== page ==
Join us for a slide show presentation and narration of hand-colored lantern slides of early twentieth-century Portland gardens. The slide show will be orchestrated by Matthew Cowan, Archivist for the Moving Images and Photography Collection at the Oregon Historical Society, and slide show narration will be presented by Suzanne Bishop, chair of the Garden History committee at the Portland Garden Club, and Tricia Hoffman, Executive Director of Newspace Center for Photography. This is presented in partnership with the UNEARTHED exhibition, on display through September 26 at Newspace.


Series: Oregon Transformed

WWII Legacies on the Columbia River

Dr. Linda Tamura, Dr. Bill Lang, & Dr. Carl Abbott

Thursday, August 20, 2015

7pm - 8:30pm

Columbia Gorge Discovery Center & Museum

Free and open to the public

*World War II Event*


The "Oregon Transformed" series considers long-term impacts of World War II in local regions around the state within broad thematic frameworks. Presenters in The Dalles will address the themes of "consent and dissent" and "revisions to the landscape" by discussing subjects including return of Nikkei after the war; the commitment to USACE "Main Control Plan," leading directly to The Dalles Dam, and the environmental challenges to post-war aluminum industry over fluoride emissions; and Hanford and Richland "planned communities." Panelists will offer carefully prepared presentations, leaving plenty of time for audience questions and discussions.


This program is presented in association with the Oregon Historical Society's exhibit WWII: A World at War, A State Transformed and is presented in partnership with the Columbia Gorge Discovery Center & Museum. The pre-program dinner will include Jerked chicken sliders, cole slaw, corn on the cob, potato salad, peach pie for $15. Questions about her family heritage led Linda Tamura, author and Professor of Education Emerita at Willamette University, to write about Japanese Americans during World War II and how her community responded. Carl Abbott is Professor Emeritus of Urban Studies and Planning at Portland State University and the author of several books on the history of the American West. William L.  Lang is Emeritus Professor of History at PSU and a member of OHS Board of Trustees.


Special Event

Celebrity Chocolate Cake Contest

Tuesday, August 25, 2015

12pm – 1pm

Oregon Historical Society

Free and open to the public


The 150th Oregon State Fair will open on Friday, August 28.  For the past 56 years, the sole judge of the State Fair's Chocolate Cake Contest has been the one and only Gerry Frank—public servant, businessman, philanthropist, author, and cheerleader for all things Oregon. To celebrate the Fair's historic sesquicentennial, OHS will be hosting a Celebrity Chocolate Cake Contest in Portland with Gerry as the judge. Come and watch as Gerry tastes creations from the likes of Portland First Lady Nancy Hales, Oregonian Editor Mark Katches, Portland State University President Wim Wiewel, Oregon Attorney General Ellen Rosenblum, and a dozen other community leaders and media personalities. Gerry will declare a winner and then the audience will be invited to join in the tasting!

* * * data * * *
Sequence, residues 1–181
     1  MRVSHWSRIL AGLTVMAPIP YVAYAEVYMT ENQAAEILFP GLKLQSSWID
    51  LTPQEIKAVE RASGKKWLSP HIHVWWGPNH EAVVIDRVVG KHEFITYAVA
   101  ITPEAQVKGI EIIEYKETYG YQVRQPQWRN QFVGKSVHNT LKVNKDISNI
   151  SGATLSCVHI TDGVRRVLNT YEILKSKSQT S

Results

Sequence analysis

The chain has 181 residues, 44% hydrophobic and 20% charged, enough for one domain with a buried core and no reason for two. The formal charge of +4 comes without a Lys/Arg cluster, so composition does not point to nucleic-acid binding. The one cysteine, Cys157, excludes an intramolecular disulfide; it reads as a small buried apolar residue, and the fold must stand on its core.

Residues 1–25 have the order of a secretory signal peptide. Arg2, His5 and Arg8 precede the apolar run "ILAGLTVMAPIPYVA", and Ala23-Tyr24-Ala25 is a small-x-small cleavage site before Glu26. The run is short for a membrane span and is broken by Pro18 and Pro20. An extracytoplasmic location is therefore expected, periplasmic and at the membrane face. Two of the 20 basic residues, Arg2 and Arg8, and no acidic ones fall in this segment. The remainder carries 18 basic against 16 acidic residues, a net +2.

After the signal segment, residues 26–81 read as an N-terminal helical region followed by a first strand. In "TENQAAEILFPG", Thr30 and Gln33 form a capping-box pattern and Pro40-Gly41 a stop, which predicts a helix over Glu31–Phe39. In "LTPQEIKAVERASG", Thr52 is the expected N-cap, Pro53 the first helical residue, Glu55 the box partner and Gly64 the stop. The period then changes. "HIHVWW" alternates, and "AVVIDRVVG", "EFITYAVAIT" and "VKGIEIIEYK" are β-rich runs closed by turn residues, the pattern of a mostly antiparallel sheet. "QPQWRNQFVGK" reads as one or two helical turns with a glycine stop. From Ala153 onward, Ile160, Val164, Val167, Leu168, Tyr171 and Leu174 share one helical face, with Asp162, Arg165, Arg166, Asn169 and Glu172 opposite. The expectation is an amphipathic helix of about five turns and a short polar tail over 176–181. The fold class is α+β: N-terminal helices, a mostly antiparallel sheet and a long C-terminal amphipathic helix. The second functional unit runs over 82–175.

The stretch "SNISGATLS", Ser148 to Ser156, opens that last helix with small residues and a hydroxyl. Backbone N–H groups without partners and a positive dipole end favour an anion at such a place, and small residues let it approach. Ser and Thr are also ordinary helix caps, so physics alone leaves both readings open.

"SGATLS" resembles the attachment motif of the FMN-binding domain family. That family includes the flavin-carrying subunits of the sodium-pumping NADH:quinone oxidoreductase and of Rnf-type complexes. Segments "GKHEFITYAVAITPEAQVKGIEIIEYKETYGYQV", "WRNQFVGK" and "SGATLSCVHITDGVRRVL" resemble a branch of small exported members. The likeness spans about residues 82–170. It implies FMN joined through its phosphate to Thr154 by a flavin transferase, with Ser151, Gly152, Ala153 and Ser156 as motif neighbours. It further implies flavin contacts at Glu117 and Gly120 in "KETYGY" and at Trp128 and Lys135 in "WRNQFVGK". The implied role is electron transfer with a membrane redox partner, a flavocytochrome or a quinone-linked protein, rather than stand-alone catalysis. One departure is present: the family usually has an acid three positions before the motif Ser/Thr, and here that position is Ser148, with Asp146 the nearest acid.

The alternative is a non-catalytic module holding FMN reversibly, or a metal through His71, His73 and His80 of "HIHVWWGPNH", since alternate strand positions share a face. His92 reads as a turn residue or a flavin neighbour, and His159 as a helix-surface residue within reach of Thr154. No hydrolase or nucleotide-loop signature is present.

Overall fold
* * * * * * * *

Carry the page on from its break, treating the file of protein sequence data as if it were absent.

Series: History Pub

Home Front Stories of World War II

Monday, August 31, 2015

7pm – 9pm

McMenamins Kennedy School Theater

Free and open to the public

*World War II Event*


Join us for beer and history, sponsored by the Oregon Historical Society, Holy Names Heritage Center, and McMenamins, in which you'll hear lively local or regional history while you enjoy a frosty pint or two of handcrafted ale. This month, listen to stories from individuals who worked on the Oregon home front during World War II. The panel will include: Harry Hendricks, who worked the graveyard shift at Vancouver's Kaiser Shipyard as a teenager; Ellen McFadden, who served as one of the nation's youngest certified Red Cross volunteers at Portland's Union Station canteen; Jean Matsumoto, who was sent with her family to Idaho's Minidoka Relocation Center where she was interned for three years; and Sharon Williams, who experienced wartime conditions as a young child growing up in North Portland.

Make Your Next Meeting Historic!
Are you a member of a group or organization that would like to learn more about the Oregon Historical Society? Invite an OHS volunteer docent to attend your next meeting to learn about the exciting programs and services YOUR Historical Society has to offer!


Please fill out the form below and return to Rachel Randles at or by mail to 1200 SW Park Avenue, Portland, OR 97205. Once we receive your request, we will connect you with a volunteer docent to further discuss your event.


Event Request Form (PDF)

Partner Events & Programs

Oregon Experience


Oregon Experience is a respected and long-standing community partnership between the Oregon Historical Society and Oregon Public Broadcasting. The strengths and assets of each organization merge together to produce historical documentaries that illuminate the grand heritage of our state.


OHS preserves and provides a vast collection of archival film, photographs and images from its vaults. Librarians and archivists work with OPB producers to find and make available these materials for use in the documentaries. Indeed, some of the materials showcased on Oregon Experience have never before been seen by the public.


OPB producers and editors, in turn, have the expertise to weave the components together into award winning documentaries that bring Oregon’s history to life.


Oregon Experience episodes engage and entertain with stories about people and places – both familiar and forgotten – while building awareness of issues that have shaped Oregon in the past and continue to define its future. We invite you to explore Oregon’s rich history through this unique partnership.


Oregon Historical Photo of the Week


OHS also proudly partners with OPB on a weekly web series showcasing some of the photographs that were digitized for use in Oregon Experience episodes. Click here to see the latest posts featuring photos from our collection as well as collections around the state!